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What is the Structure of Neurons?

What is the Structure of Neurons? | Anatomy | Scoop.it
As like most of the cells, most neurons composed of a cell body. The cell body is the core component of the nerve cell. It contains nucleus, cytoplasm and other organelles.
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Cloning The First Human (BBC Documentary)

For decades, cloning remained within the realms of science fiction. The idea that instead of combining a sperm and an egg, a new human could be made from a single cell taken from an adult, seemed completely absurd. But that all changed in February 1997, when the Roslin Institute introduced the world to Dolly the sheep - the first animal cloned from an adult. Ever since Dolly, scientists have been continuing to experiment with cloning animals. So far, they have succeeded in cloning sheep, cattle, pigs, goats and mice, fuelling the belief that humans could be next.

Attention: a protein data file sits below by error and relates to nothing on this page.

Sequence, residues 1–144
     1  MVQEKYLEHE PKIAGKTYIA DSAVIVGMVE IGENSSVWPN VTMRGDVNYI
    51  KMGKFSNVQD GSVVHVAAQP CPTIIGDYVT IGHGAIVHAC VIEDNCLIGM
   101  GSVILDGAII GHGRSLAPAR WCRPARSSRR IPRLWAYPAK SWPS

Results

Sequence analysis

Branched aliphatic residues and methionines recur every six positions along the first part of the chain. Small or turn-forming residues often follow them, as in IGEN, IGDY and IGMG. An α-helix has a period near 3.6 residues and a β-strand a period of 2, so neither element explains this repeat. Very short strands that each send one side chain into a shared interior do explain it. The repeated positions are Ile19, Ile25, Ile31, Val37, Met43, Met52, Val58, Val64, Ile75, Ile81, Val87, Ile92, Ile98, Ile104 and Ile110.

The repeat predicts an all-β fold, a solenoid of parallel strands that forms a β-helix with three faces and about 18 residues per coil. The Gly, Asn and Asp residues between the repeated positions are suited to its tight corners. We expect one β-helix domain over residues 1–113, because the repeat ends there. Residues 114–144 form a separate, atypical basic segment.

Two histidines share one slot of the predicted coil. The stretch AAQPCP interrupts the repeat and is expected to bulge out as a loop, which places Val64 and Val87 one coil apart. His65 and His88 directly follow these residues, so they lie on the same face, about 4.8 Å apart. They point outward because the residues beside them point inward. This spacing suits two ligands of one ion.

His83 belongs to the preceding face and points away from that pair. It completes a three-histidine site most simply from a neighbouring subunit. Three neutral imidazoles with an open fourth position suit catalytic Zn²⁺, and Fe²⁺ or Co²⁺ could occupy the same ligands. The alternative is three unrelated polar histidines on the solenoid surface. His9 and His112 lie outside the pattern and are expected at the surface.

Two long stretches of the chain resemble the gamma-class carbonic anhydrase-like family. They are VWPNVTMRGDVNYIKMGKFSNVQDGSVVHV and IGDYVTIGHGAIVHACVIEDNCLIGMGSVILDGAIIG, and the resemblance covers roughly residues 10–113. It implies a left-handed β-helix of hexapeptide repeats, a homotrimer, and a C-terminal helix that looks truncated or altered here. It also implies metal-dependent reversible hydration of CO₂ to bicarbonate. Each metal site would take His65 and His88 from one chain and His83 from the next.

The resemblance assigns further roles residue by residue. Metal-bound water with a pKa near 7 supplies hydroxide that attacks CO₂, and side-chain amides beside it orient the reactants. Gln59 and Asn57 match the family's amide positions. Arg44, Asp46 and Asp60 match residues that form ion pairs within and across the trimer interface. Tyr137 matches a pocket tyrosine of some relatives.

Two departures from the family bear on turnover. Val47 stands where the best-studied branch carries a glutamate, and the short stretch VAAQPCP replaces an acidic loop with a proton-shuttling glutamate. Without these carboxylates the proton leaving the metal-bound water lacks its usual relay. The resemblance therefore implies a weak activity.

But even Dolly's creator, Professor Ian Wilmut, is concerned that beneath the veneer of success lies a disturbing reality. Most cloning attempts on animals so far have resulted in failed implantation or abnormal foetuses. Of the animals born alive, some soon die of catastrophic organ failure. Others appear to be healthy for weeks or even months, then die suddenly, sometimes from bizarre new illnesses which do not occur in nature.

 

Years of painstaking work are only now revealing some vital clues to what is going wrong. Horizon talks to the scientists who have uncovered new evidence, suggesting that the process of cloning itself causes subtle errors in the way genes function. These random errors may be like a timebomb inside every clone, causing some of the strange - often fatal - problems. There's no reason to think cloned human babies would fare any better. According to embryologist Dr Susan Avery, death might be the best outcome for many human clones. If they survived, they would suffer from catastrophic illnesses that modern medicine is powerless to prevent or cure.